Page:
Tortured, persecuted, deported: a tribe’s ordeal at the hands of Qatar
- The tribe’s ordeal began in 1996, when some of their members voiced support for Sheikh Khalifa Al-Thani
- Another member of the tribe twice lost his job at Qatar Petroleum, in 1999 and 2003, simply because he was a member of the Al-Ghufran tribe
GENEVA: Members of a prominent tribe told an audience in Geneva on Thursday how they were stripped of their nationality and suffered torture, forced displacement and deportation in a 22-year campaign of systematic persecution by authorities in Qatar.
“My story is about wanting my rights, and I hope my story reaches your hearts,” said Hamed Al-Ghufrani, whose family was forced to flee Qatar for the UAE in 1996.
Another member of the tribe twice lost his job at Qatar Petroleum, in 1999 and 2003, simply because he was a member of the Al-Ghufran tribe, and had his nationality revoked in 2005.
His 14-year-old son spoke of being a “stateless person” and called on the UN to end the persecution so he could return to Qatar.
The press conference at the Swiss Press Club, organized by the Egyptian Organization for Human Rights, came two days after the Al-Ghufran delegation staged a protest in front of the UN building in Geneva during the 39th session of the UN Human Rights Council.
The tribe’s ordeal began in 1996, when some of their members voiced support for Sheikh Khalifa Al-Thani, the Qatari emir deposed the previous year by his son Hamad, father of the current emir, Sheikh Tamim.
About 800 Al-Ghufran families, more than 6,000 people, were stripped of their citizenship and had their property confiscated. Many remain stateless, both in Qatar and in neighboring Gulf countries.
“They have taken away our social, political and economic rights,” said
Jabir bin Saleh Al-Ghufrani, a tribal elder. “The Al-Ghufran tribe has been subjected to unjust treatment.
“I left on a vacation in 1996, and now I can never go back to my country. I can go to any place on this earth, but not my home, not Qatar.”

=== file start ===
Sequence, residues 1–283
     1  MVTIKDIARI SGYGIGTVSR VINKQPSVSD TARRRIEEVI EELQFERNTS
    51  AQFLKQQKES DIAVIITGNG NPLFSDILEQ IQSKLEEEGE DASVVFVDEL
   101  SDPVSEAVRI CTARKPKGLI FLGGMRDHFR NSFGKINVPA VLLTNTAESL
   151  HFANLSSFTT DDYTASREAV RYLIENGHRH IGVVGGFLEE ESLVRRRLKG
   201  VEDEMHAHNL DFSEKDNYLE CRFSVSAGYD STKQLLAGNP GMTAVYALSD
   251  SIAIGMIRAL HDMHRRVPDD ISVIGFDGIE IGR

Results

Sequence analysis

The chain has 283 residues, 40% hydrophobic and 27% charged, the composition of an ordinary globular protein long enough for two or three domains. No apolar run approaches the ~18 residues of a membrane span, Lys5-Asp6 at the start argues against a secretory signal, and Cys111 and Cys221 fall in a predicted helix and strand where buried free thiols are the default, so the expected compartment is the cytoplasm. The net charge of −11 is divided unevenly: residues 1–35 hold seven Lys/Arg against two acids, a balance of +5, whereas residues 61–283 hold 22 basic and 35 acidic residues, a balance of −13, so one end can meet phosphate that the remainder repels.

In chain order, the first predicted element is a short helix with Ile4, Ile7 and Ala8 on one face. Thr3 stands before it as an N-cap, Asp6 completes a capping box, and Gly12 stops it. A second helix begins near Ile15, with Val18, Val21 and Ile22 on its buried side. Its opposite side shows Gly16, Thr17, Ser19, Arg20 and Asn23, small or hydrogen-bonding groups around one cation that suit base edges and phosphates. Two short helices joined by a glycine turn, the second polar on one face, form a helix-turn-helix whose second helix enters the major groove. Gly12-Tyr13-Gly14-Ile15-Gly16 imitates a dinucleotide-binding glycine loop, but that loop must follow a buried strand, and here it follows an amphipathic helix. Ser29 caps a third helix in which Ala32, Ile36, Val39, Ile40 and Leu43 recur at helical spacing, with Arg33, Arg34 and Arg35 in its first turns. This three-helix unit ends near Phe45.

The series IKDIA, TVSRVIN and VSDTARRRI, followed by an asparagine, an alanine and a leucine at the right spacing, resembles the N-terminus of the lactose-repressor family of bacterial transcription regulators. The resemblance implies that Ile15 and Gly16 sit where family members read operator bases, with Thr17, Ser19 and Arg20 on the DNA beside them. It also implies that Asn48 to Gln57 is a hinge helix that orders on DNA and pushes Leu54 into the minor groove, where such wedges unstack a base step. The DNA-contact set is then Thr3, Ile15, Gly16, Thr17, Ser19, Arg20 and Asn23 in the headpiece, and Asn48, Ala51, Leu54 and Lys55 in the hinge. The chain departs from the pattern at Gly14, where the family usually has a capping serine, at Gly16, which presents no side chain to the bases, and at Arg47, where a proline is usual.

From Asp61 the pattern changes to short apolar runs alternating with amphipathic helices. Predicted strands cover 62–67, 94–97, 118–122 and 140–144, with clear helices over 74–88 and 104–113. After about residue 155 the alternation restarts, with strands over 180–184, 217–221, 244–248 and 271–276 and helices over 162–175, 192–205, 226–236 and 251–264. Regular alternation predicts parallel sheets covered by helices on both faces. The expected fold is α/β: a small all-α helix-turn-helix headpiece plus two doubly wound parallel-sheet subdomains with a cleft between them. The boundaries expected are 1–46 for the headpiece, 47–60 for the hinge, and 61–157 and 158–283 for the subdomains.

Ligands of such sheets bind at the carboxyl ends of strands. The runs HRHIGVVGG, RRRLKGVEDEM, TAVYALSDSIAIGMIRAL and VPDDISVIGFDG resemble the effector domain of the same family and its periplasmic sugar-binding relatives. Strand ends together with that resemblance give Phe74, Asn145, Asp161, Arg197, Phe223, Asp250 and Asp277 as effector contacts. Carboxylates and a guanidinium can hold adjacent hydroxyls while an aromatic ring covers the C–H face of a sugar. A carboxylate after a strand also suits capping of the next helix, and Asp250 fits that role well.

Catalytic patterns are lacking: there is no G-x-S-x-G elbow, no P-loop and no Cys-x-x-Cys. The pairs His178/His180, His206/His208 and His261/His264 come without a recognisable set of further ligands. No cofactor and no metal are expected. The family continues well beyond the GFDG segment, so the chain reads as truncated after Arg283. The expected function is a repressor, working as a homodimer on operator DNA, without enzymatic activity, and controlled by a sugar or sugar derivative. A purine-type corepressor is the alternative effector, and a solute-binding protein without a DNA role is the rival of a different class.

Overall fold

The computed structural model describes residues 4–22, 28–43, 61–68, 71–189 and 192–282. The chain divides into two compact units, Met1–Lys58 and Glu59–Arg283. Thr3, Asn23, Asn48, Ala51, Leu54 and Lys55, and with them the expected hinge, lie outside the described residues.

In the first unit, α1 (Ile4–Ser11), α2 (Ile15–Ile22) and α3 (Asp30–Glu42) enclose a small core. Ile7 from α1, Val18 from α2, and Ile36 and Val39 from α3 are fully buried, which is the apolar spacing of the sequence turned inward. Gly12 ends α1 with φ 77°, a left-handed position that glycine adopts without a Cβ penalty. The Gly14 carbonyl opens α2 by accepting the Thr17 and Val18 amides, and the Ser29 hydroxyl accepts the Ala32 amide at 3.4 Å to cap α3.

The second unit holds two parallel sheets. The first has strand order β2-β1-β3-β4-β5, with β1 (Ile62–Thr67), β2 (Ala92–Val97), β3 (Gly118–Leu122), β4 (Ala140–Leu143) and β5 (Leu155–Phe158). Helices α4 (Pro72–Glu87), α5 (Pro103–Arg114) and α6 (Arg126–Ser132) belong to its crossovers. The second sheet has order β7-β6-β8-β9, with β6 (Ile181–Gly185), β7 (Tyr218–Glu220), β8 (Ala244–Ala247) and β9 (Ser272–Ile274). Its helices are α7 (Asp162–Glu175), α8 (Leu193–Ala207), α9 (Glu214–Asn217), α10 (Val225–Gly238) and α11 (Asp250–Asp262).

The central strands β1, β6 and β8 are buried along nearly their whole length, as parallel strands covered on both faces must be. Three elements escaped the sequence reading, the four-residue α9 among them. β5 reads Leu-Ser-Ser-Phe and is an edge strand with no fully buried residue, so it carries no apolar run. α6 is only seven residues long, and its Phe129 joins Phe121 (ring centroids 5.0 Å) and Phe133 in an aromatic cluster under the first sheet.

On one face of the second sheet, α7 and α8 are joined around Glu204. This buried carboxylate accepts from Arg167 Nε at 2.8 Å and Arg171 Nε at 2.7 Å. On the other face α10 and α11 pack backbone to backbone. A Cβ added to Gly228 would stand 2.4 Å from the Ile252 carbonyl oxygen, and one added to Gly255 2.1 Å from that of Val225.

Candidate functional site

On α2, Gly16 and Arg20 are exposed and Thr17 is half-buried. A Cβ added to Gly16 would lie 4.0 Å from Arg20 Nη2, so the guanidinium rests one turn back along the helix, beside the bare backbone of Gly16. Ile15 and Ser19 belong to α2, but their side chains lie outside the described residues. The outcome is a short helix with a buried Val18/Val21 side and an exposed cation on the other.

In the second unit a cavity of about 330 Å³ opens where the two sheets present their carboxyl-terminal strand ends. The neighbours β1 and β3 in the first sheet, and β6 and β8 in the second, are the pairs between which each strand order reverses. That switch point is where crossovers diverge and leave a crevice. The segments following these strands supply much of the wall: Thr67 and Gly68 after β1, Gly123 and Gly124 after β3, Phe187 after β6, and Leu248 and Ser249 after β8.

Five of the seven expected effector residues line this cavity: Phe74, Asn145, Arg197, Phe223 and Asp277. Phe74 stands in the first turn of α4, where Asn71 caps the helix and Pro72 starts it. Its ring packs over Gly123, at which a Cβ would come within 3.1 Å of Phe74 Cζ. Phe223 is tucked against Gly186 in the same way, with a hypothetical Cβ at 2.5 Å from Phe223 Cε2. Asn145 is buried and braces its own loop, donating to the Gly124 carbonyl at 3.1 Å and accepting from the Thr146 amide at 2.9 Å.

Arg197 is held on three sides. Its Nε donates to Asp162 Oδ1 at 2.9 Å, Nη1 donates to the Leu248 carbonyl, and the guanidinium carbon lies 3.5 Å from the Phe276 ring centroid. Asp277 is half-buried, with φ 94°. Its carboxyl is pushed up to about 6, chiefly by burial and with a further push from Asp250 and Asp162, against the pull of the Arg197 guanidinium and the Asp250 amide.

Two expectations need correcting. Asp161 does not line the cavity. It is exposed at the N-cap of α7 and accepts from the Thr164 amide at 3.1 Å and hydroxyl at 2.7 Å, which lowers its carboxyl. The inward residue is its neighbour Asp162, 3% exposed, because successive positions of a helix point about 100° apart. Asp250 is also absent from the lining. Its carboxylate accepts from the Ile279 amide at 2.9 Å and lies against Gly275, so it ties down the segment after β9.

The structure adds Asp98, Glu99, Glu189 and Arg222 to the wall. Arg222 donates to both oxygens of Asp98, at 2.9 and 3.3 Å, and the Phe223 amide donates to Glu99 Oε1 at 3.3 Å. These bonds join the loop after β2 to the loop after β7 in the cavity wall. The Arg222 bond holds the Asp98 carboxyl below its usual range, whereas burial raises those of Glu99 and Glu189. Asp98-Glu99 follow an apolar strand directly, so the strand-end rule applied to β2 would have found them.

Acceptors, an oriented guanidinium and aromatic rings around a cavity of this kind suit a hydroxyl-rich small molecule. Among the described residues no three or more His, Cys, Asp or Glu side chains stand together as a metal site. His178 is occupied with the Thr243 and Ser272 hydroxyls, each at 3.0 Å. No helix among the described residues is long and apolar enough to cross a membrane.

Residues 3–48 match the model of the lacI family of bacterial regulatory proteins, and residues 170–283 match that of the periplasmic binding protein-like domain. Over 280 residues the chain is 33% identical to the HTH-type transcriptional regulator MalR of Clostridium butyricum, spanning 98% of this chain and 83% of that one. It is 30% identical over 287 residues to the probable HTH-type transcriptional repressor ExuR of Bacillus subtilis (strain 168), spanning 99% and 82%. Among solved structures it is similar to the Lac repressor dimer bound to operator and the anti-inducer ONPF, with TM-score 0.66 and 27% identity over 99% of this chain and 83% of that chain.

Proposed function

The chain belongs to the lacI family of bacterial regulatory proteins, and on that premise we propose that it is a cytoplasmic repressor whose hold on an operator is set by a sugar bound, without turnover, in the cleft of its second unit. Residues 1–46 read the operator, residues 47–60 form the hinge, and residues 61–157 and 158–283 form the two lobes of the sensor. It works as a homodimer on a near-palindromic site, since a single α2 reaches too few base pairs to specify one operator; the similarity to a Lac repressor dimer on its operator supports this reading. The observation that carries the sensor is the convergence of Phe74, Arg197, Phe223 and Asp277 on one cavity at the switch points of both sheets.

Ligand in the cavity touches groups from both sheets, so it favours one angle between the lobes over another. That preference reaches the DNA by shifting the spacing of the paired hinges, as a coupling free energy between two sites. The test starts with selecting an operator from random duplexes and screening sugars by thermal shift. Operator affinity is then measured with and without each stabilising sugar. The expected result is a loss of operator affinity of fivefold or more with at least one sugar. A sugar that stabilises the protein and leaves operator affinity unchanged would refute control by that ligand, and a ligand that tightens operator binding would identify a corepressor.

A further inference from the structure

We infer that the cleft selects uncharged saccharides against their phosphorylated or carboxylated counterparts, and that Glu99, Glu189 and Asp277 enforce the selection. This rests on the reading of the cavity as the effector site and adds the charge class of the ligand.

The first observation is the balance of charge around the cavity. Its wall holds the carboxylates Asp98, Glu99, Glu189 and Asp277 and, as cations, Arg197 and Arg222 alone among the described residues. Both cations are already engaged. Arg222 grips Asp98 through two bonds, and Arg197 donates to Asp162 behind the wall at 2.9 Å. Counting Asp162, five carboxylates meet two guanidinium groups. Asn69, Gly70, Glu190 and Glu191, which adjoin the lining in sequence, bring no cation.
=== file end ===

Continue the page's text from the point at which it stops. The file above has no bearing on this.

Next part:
Members of the delegation produced passports, certificates and other documents to show that their right to Qatari citizenship was being denied.
“I ask for my rights. Our people have been asking for our rights for a very long time now and no one has even explained to us why this is happening to us,” said Hamad Khaled Al-Araq.
Jaber Hamad Al-Araq, the tribe member fired twice by Qatar Petroleum, said: “The consequences of revoking our citizenship came in waves. They took away health care, education and public services. They took away all the tools that would allow us to live in Qatar with dignity, as human beings.”
Many of the tribe have suffered from depression and other medical conditions as a result of their ill-treatment. “I was rejected many times for jobs because of the injustice we face,” said Jaber Mohamed Al-Ghufrani. “They would reject me, the interior ministry office would reject me, just for being from the tribe. We are marginalized, without value, and left on the sidelines in our own country.
“I am responsible for my family, consisting of my wife and children, and we have faced many injustices that led us to have psychological trauma. We have suffered enough.”
Abdul Hadi Jaber Al-Ghufrani, another member of the tribe, told the press conference: “All members of the Al-Ghufran tribe without exception suffered from the decision to revoke their nationality.
“Those who remained in Qatar are unable to work, travel, or act like normal human beings, they cannot trade, they cannot even give their identity.
“Those who were expelled and forcibly displaced live in exile. They cannot apply or work in any job where they can get money for they basic needs, and most of them have no official identity papers. They can no longer see their families and loved ones.
“We are here to demand our rights and we will not stop until we get our rights. From today for the next 20 years, we will not stop.”
The youngest member of the delegation, Mohammed Ali Amer Al-Ghufrani Al-Marri, 14, said: “My nationality was revoked when I was less than one year old.
“I did not have the right to grow up in my own country, I was not given the right to stay there. I wish to return to my country and enjoy my rights as a citizen.”